Apparently re-introduction of carbon pricing is a possibility being considered by the Australian government, following pressure from energy industry groups to reduce policy uncertainty and start planning for a de-carbonised future - Conservatives furious over climate review. A dummy spit from the usual suspects happened shortly after the prospect was aired.
Australian Energy Council chief Matthew Warren, representing the bulk of generators, said the most important thing for the industry was a policy that would withstand changes in government. "We'd go for almost anything that has a substantial chance of succeeding and garners bipartisan support, because we can build on it," he said. Mr Warren said a decade of uncertainty on climate and energy policy had driven away investment, leaving a system "now materially degrading before our eyes". He said the energy industry wanted some form of carbon price linked to a clear emissions target that extended beyond 2030 - something the review will consider - to trigger investments in new power stations that would last decades.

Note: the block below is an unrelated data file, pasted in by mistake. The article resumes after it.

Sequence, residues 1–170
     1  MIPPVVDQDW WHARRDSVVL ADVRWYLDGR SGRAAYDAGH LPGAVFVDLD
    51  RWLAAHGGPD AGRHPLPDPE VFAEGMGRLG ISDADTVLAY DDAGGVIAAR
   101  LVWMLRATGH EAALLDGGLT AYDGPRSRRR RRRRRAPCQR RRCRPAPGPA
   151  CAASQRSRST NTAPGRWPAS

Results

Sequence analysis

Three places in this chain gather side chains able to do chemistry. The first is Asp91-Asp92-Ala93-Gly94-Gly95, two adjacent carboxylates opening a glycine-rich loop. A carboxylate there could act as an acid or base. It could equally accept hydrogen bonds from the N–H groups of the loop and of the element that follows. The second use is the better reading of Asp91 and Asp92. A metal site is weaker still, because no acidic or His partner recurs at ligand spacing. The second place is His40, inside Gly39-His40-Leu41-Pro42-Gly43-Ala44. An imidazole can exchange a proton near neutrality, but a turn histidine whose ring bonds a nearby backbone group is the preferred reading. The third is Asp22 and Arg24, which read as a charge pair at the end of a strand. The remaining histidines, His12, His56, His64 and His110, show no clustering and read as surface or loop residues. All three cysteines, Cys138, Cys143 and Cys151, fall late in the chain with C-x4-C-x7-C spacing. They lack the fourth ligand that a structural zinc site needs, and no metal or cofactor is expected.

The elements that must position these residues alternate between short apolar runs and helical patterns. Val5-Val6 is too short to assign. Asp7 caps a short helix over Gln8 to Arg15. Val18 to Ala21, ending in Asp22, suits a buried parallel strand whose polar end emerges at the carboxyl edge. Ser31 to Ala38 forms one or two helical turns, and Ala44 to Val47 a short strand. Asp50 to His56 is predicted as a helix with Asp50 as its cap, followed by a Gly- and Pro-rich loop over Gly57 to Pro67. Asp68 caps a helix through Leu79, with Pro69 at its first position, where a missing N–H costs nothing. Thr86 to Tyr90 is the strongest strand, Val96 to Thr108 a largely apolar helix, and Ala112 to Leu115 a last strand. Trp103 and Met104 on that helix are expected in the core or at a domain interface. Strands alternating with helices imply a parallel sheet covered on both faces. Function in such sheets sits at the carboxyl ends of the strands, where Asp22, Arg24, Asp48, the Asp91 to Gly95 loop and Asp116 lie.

Australian Industry Group chief Innes Willox said the country could only play its part in tackling climate change at lowest cost if investors believed policies would survive. "Bipartisanship on climate and energy is the only way forward. The alternative is costly failure," he said.
The Climate Institute said the country had a clear choice: between a review that set Australia on a pathway to zero emissions, or continued the policy chaos of the past 10 years. Deputy chief executive Erwin Jackson said the goal must be a policy framework that was capable of decarbonising the electricity system well before 2050. It must include some form of carbon price, but that alone would not be enough as experience had taught that any scheme would be a political compromise.